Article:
However, he adds that there's significant pressure on the UK government to maintain this investment as countries like China and the US are "promising huge investment" and continue "to lead the way in many innovations".

"Backing the right companies and organisations that are making truly transformative innovations in AI is key to ensuring the UK remains competitive on the world stage," adds Ganje. "In addition, fostering a collaborative environment across the UK, while forging links with other countries driving innovation in this area, will continue to be important," he says.

The Brexit question

Brexit remains a huge challenge for AI startups, particularly those that are currently seeking investment. The field of artificial intelligence currently represents one of those rare industries that continues to do remarkably well despite the current political climate. Yet that's heavily dependent on investment continuing to be a priority for the UK government once we leave the EU.

"Signs look positive for the future of UK AI, as the government continues to back businesses developing tech through R&D tax credits," says David Bishop, CTO of retail discount aggregator LoveTheSales. "The industry also received a major boost after businesses backed the 1bn AI sector deal."

Even if domestic investment continues, there are concerns that the steady stream of international support may dry up, something that Bishop has already seen within his own business.

"Uncertainty over Brexit could cause overseas investors to think twice about backing UK tech companies," he adds. "We had potential investment pulled at the time of the Brexit vote, which delayed our plans to further develop our AI. While there are major players based in the UK, [the concern] is that Brexit may make the UK a less exciting prospect for top AI talent."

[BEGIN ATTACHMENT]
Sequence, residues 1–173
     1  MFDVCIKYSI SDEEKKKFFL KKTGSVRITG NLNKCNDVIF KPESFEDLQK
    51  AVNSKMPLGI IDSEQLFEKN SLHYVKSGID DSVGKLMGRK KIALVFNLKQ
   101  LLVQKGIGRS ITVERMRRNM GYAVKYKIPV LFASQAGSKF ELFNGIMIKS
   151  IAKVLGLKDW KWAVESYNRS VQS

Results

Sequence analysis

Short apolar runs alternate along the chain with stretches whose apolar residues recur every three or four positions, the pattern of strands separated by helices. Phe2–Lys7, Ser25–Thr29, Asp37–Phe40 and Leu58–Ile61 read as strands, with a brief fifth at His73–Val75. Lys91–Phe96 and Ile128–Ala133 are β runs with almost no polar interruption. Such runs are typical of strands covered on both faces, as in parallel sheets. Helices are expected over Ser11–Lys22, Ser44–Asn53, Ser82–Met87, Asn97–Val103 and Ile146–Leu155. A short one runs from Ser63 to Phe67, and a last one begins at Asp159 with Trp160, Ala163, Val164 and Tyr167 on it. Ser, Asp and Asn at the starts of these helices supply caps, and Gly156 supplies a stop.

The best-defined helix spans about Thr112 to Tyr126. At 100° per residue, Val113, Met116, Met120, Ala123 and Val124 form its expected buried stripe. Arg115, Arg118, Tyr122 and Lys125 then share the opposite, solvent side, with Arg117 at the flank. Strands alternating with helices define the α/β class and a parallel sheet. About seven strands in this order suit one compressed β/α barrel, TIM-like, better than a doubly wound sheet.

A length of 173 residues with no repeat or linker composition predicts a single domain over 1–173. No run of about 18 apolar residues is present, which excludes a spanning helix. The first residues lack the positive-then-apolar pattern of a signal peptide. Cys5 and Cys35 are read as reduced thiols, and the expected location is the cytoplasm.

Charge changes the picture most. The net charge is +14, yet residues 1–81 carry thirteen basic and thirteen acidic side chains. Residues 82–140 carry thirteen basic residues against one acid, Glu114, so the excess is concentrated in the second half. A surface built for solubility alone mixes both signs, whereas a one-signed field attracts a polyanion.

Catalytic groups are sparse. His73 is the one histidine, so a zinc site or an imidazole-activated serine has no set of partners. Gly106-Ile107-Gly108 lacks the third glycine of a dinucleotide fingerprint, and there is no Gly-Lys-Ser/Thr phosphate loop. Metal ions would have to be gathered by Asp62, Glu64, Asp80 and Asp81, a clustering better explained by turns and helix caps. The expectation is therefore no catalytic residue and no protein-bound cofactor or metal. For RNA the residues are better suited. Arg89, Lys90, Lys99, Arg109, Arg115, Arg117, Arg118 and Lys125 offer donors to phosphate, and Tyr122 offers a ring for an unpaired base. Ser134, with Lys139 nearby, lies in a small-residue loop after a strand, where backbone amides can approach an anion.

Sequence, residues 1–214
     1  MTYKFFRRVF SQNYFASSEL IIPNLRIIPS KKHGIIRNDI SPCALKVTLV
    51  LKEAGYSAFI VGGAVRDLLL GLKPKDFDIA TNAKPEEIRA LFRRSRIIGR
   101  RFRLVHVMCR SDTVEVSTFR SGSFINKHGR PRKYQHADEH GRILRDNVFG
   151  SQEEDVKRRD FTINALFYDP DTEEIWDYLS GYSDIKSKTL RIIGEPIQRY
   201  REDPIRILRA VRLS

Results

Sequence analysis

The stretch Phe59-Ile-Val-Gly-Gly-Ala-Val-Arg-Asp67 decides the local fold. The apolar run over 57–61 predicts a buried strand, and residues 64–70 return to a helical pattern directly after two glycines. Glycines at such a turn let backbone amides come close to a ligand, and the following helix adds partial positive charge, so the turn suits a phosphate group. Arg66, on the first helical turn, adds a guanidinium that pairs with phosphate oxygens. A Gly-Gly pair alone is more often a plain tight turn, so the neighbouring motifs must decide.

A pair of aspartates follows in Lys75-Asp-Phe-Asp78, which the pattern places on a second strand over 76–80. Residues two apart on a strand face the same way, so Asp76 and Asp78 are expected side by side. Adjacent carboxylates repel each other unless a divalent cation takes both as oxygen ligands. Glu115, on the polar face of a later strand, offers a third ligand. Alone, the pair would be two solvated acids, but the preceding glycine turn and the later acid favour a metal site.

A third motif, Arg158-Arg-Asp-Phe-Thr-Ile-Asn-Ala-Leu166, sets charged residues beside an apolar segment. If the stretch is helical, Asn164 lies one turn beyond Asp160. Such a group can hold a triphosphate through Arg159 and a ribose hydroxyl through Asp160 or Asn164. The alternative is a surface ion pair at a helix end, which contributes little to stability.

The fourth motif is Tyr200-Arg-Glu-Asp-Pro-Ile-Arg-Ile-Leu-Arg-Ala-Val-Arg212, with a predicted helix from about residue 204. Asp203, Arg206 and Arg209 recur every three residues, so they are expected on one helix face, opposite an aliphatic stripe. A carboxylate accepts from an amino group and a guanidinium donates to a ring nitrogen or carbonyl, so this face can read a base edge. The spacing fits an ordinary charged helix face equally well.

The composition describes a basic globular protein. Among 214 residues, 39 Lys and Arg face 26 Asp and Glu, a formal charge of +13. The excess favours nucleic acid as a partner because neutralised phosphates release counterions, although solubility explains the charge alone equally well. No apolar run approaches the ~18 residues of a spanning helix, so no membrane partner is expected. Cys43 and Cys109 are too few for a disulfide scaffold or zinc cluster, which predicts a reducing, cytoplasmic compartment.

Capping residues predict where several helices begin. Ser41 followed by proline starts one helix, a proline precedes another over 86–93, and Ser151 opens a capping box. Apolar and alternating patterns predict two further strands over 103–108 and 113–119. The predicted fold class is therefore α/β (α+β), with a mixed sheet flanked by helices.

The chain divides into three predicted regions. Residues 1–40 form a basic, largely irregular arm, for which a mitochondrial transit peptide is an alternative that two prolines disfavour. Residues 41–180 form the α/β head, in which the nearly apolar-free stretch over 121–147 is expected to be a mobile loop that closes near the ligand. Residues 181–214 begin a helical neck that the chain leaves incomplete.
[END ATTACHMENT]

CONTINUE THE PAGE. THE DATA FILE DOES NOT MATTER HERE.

There's no denying that the UK has also received substantial financial support from the EU, and continues to do so for some areas of robotics. A report released last year by RSA suggested that as of December last year, as much as 80% of the funding for the UK's automation industry was coming from the EU, with Professor Chris Melhuish, director of the Bristol Robotics Laboratory, going as far to describe the bloc as the "salvation of British robotics".

How the UK will replace this funding post-Brexit is currently unclear, although the government is planning an expansion of the Startup Loans Company in the coming years, which will provide a modest pot for AI firms to dip into.

The UK is fortunate in that its AI industry, with the help of the government, has aggressively positioned itself as a pioneer in the AI scene, as it's potentially one sector that it can rely on to deliver post-Brexit. However, in order to make that sustainable, the UK is going to need to convince its international partners to chip in.

Nicholas Fearn is a freelance technology journalist and copywriter from the Welsh valleys. His work has appeared in publications such as the FT, the Independent, the Daily Telegraph, the Next Web, T3, Android Central, Computer Weekly, and many others. He also happens to be a diehard Mariah Carey fan. You can follow Nicholas on Twitter.